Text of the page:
Ever since I started racing, I've believed that the last mile is the most important. If you screw up there, you're done. Those mistakes in the early miles hurt, but you usually have time to regroup. But not that last mile.
Oh, that wicked, wicked last mile.
Saturday was the Davey Tree/United Way of Portage County 10K in Kent, Ohio.
A Brief History
This race was the first race I ever entered, and I have now run it three times, each faster than the last. The course is a deceptively hilly loop course. You run the event's 5K course twice. It is a race that if I knew anything at all about being a race director, I would take it over and redesign the route. Because it sucks. I run the race solely for sentimental reasons, and until recently it was the only 10K around that I knew about. This year I was aiming to break 50 minutes.
A clear morning in the low 70s with very low humidity. You can't ask for better racing weather in July. It was by far the best conditions I've ever had for this race. My dad and Martini were also running. However, participation seems to be dwindling for the 10K, which doesn't bode well for the event, but it's a good thing for slow-pokes like me, aiming to place in their age groups. I felt ready.
I broke one of my own lessons. I forgot that I'm not fast. I went out with the quickness, which was easy because the first mile is mostly downhill. When I heard the woman calling out the first mile splits, all I could think was, Shit!
But I tried to stay positive. A sub-50:00 10K requires that I average at least an 8:03 mile pace. I had 47 seconds in the bank. I ratcheted back. Though perhaps too much.
The second (also the fifth) mile has a short steep hill that you catch both ways, as this mile also is where you turn around. I still had 26 seconds banked, but I needed to get my pace back up.
25:16 - 5K
My 5K split showed a steady drop in pace. I had lost all my banked time, but it wasn't the end of the world. The race volunteer tried to pump me up as I made the turn at the cone. "If you hurry up, you can beat 50 minutes," he shouted. The encouragement helped.
Now, only 10 seconds off my overall goal pace. But again, this was that long downhill of the first mile.
Clearly, I was fading. It would be tough to make up 54 seconds in the final mile, but I was still in good shape to crush my PR of 53:21.
Coup de Grace
The last mile has the worst uphill, a steady burn for close to a half-mile as you approach the finish. I crested the hill not in my happy place, but the end was now in sight. I asked my legs for a little more. I knew I would puke with the effort, but I've always been able to hold it together until after the finish line. Not this day.
About a quarter-mile out, my guts heaved, dry and painfully. I tried to run through it, clutching my side. Another dry heave helped me see the error of my ways. I slowed to a walk. And then one more heave with the slightest bit of bile. I took two more walking steps and started to run again. A strong kick seemed futile at that point, but it was enough for a new PR. Though just barely.
Vanilla, your 10K time is safe. For now.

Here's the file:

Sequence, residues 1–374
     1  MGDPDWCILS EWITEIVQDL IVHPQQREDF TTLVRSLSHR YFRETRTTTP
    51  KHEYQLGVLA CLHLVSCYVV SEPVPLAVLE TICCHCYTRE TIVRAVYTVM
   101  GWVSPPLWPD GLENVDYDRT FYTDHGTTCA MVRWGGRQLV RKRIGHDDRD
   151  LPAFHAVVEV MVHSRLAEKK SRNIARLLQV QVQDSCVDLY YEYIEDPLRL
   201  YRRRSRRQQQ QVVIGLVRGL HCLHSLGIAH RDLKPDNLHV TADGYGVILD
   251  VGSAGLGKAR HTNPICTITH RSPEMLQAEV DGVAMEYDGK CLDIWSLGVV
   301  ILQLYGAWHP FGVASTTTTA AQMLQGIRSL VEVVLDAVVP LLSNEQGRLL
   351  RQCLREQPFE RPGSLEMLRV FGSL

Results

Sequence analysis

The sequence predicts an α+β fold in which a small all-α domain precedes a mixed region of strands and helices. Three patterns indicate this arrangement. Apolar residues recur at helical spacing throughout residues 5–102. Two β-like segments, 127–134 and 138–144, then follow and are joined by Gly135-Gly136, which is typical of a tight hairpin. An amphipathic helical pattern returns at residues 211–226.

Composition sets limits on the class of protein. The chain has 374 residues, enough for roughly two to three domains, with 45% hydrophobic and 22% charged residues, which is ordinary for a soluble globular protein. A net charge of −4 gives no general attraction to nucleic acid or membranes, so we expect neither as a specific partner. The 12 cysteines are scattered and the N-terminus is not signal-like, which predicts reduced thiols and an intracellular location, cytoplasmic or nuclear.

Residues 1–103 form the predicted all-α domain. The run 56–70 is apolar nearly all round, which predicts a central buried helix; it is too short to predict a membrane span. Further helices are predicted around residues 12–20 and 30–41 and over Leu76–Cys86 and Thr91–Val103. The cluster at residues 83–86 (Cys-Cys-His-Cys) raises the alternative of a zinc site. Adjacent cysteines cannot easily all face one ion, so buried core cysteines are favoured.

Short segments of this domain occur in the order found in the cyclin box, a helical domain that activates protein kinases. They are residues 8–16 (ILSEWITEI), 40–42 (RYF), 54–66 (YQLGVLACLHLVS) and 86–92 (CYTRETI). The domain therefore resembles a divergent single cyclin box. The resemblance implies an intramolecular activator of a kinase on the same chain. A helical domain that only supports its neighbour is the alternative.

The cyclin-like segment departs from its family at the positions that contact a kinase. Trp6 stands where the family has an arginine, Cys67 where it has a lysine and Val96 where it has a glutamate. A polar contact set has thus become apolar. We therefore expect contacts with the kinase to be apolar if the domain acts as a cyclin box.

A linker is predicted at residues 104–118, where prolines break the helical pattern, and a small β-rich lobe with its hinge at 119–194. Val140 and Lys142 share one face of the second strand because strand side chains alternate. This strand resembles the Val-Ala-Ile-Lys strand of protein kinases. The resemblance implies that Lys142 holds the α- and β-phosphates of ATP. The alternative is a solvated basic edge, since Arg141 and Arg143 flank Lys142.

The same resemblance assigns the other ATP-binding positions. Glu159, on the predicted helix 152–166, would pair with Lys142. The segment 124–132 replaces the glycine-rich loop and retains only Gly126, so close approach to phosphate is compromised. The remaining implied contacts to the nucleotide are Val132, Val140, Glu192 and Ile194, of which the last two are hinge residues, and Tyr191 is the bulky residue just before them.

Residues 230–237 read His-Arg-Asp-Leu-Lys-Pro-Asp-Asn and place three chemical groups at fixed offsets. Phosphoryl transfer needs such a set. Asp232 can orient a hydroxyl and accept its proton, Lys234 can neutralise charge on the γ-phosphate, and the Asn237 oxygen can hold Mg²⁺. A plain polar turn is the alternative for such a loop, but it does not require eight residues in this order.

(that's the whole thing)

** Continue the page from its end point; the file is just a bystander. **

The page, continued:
My final split (1.1 miles) was 11:10 for a 53:10 finish, 11 seconds faster than last year but a far cry from my goal.
After voicing my frustration, my dad, who knows my habits well, said, "Maybe it's what you did last night, all the beer you drank."
But that wasn't it. In fact, I thought I had done everything right for once. I drank water throughout the day, Friday. I ate pretty well. I went to bed early. I drank only one beer that day, and that was during lunch (a delicious half-slab of ribs). One beer on the Fourth? Sacrilege, I know.
"Well, see, there you have it. It was what you didn't do last night," my dad said. Father knows best.
So what happened? Did going out too fast in the first mile spell my doom? Did I push too hard trying to make up time during the last mile? Did I drink too little water during the race? Did Xenia put some vicious Greek hex on me for my comments last week? Was it the lack of boozing the night before?
Maybe it just wasn't my day. My sub-50 White Whale is still out there. I would be more pissed about this race had I not recently found a new (to me) 10K on August 9. Mark it, dude! It will be mine.
My dad, Martini and I went to the closest local pub for breakfast and brews. This was much more difficult than anticipated, as our first two choices decided to be closed on Friday and Saturday. Finally, we found our savior at the good ol' Stowaway.
Labatt Blue goes well with a sausage, tomato and hot pepper cheese omelet. That afternoon, there was also a July 4th festival in Kent, so I met up with another friend and grabbed a couple more Labatts before heading to a cousin's high school graduation party, where I drank the Colorado Kool-Aid and then lived the High Life several times over.
I capped the evening with some Johnnie Walker, falling asleep with the glass of Scotch to end all glasses of Scotch. It ended me first. I added the remnants to my coffee the next morning. Sunday, I also ran 8 miles as punishment for my poor showing at the race.
And finally, on last Wednesday's post, Laura asked to see pictures of the race shirts. Apparently, she actually reads my sidebar, which chastises this race for its ridiculously long name -- with a report of equally ridiculous length -- and history of putrid shirts. Of course, this year it looks like the race organizers decided not to leave the design up to a 3-year-old. The top photo is the front of this year's shirt. Here's the back:
Can we all capitalize on the LiveStrong slogan? Yes, we can! I know it's a fact that small races need to recognize their sponsors, but I hate the walking billboard effect. But these are a vast improvement. Sadly, I threw out the shirts from the previous two years, which were just atrocious. Last year, it was this awful, running stick figure on the front and the usual logo attack on the back.
OK, enough is enough, already. Cheers.